I poured a 12oz bottle into a nonic pint glass. It was bottled on 9/13/12 making it six months and 16 days old when I drank it.
Appearance: Beautiful mahogany/chestnut hue. Translucent with visible
sediment suspended. Forms a huge, beige, fluffy head which is slow to
dissipate and leaves plenty of lacing on the glass.
Smell: A mild, muted nose with light malty sweetness but not distinct ingredients or aromas.
Taste: Once again you’ll have to take this review with a grain of salt
as it’s based on a bottle that was pretty old at the time. However, much
like the Amber Ale, I can tell Bell’s Best Brown Ale is a pretty solid
beer on the core. Of course, simply being "solid" doesn’t equal high
quality, in fact a more cynical synonym would be "passable." That’s
definitely accurate here, though. This is a drinkable beer that conforms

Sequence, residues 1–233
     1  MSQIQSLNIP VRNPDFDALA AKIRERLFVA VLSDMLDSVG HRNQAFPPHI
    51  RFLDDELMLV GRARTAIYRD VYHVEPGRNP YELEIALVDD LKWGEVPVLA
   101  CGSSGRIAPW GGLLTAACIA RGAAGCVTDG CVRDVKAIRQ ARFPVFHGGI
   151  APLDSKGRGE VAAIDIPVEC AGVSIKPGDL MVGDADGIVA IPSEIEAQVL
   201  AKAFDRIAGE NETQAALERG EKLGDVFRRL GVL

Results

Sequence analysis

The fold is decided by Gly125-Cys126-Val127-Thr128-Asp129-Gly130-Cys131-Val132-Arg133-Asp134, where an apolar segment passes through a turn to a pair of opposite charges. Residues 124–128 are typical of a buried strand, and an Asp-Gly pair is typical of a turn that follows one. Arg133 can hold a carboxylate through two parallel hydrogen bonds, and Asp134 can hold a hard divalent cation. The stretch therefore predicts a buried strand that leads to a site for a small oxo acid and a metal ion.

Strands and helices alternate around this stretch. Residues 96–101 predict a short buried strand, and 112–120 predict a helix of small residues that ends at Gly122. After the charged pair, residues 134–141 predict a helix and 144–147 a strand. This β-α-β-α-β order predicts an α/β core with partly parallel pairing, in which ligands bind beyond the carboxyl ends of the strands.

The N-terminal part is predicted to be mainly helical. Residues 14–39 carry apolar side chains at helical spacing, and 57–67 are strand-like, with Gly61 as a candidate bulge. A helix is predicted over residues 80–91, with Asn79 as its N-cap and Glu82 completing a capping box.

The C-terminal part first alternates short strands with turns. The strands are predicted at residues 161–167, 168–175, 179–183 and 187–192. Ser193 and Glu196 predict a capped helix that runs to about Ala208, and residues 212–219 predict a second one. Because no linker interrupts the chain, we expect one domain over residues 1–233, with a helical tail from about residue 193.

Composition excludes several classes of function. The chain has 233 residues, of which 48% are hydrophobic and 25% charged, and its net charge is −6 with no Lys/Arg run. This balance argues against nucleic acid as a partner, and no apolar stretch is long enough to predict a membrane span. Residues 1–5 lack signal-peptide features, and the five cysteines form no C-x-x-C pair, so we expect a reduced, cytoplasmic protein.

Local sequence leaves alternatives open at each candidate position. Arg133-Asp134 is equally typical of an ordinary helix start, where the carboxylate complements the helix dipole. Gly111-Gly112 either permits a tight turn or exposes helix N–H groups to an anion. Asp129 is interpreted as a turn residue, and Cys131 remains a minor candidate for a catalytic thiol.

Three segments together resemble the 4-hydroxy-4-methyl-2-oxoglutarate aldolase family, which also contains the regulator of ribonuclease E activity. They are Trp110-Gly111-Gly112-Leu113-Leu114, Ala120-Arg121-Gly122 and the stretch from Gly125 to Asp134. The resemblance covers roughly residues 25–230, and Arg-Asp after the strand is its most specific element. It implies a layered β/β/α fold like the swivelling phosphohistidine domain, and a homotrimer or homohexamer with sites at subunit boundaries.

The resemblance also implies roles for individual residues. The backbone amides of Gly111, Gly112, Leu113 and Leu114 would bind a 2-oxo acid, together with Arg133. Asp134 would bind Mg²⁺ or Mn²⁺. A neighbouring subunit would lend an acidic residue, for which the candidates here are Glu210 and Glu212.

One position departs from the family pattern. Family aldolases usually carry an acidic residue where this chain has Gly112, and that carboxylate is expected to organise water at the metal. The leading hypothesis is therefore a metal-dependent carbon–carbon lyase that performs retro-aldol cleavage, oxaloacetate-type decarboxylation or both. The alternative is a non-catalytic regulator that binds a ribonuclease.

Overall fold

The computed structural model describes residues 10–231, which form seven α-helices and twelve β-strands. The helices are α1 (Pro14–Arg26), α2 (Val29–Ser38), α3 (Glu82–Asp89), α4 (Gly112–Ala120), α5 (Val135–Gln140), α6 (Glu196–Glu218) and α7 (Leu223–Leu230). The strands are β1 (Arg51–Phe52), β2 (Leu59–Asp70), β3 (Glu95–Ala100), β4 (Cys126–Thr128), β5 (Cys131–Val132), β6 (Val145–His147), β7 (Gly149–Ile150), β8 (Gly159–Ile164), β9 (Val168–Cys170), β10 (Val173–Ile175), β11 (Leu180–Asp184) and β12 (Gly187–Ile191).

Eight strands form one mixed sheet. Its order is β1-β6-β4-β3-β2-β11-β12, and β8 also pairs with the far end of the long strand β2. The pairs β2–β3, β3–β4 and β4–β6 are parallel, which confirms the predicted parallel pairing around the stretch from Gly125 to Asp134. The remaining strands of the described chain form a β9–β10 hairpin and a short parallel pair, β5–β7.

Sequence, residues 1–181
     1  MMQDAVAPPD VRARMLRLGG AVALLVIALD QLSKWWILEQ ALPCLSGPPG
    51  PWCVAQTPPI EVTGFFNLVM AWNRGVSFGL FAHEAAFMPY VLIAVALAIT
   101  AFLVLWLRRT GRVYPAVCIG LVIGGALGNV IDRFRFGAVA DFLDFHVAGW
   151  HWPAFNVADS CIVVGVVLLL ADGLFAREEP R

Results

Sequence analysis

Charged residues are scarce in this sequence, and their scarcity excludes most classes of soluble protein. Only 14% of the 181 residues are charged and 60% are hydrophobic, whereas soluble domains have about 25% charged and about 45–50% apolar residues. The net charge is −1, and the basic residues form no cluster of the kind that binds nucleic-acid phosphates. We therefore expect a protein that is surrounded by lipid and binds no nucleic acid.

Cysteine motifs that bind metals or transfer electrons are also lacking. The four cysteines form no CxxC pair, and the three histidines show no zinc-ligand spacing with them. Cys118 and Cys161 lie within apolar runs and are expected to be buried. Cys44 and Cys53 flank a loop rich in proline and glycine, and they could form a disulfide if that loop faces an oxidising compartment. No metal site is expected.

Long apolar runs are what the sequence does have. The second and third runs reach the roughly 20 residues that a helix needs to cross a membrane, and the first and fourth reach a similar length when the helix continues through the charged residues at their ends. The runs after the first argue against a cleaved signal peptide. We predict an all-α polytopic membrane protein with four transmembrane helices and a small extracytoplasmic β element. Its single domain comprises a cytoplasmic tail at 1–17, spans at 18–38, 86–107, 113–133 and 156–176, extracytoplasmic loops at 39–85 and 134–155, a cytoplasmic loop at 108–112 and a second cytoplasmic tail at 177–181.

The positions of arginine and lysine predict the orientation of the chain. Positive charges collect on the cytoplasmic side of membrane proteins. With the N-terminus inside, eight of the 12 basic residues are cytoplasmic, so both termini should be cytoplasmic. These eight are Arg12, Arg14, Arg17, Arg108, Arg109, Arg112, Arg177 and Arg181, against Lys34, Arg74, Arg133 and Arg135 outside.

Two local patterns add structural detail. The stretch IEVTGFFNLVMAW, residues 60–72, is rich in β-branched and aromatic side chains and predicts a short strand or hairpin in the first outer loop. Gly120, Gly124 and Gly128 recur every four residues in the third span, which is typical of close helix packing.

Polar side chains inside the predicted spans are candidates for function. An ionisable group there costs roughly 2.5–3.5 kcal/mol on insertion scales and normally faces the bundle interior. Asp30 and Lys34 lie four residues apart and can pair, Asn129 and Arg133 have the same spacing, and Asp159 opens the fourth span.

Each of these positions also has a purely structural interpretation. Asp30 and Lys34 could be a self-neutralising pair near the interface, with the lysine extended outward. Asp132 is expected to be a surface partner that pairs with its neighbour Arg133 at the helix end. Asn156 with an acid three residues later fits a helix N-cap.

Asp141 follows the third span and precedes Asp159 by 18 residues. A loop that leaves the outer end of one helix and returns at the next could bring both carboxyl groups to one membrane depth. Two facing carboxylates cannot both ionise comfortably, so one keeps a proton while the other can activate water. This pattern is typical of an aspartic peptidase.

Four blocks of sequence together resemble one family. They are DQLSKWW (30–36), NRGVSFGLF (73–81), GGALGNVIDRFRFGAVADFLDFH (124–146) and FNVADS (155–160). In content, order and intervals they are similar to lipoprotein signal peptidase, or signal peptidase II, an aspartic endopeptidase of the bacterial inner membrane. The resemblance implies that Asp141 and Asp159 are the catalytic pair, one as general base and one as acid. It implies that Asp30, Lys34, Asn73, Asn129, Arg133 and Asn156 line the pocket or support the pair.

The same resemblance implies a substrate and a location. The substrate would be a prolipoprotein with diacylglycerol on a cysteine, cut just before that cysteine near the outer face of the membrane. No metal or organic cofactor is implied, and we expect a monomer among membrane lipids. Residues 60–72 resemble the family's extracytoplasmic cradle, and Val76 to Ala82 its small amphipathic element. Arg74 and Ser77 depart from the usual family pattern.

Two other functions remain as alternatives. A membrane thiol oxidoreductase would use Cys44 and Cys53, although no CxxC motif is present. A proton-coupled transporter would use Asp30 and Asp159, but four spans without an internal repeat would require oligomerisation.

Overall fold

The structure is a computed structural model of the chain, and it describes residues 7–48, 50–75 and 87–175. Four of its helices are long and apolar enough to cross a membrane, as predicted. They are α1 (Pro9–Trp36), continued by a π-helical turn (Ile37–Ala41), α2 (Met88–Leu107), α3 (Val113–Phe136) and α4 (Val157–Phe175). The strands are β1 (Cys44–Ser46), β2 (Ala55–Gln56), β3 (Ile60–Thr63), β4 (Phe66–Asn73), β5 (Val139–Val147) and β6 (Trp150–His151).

to the brown ale style nicely, but no more.
Trying to describe to the taste of the palate is a bit of a challenge.
The brewery suggest notes of caramel and cocoa, but these are mostly
afterthoughts. It’s probably best described as mildly sweet with just
the faintest hint of confectionery flavors that emerge strongly right on
the finish. Not much in the way of hops or bitterness, though there is
some tang to the palate (I’ll chalk that up to the bottle’s age,
though). No repulsive qualities, which is good, though trying to
appreciate what’s here is challenging but not impossible. I’d imagine a
fresh serving would be pretty amazing.
Drinkability: A lot of people consider brown ales to be acquired tastes,
which I’ve never understood because it’s one of the most
drinker-friendly styles I can think of. Bell’s Best Brown Ale is very
comfortable in the mouth with a soft, smooth texture that’s not too
thick and definitely not thin and fizzy. It goes down smoothly and has a
mostly neutral aftertaste. It doesn’t seem to take full advantage of
its 5.8% ABV weight, though, but at least it’s not overboard in any way.
A versatile brew I’m sure, but good enough to enjoy on its own merits.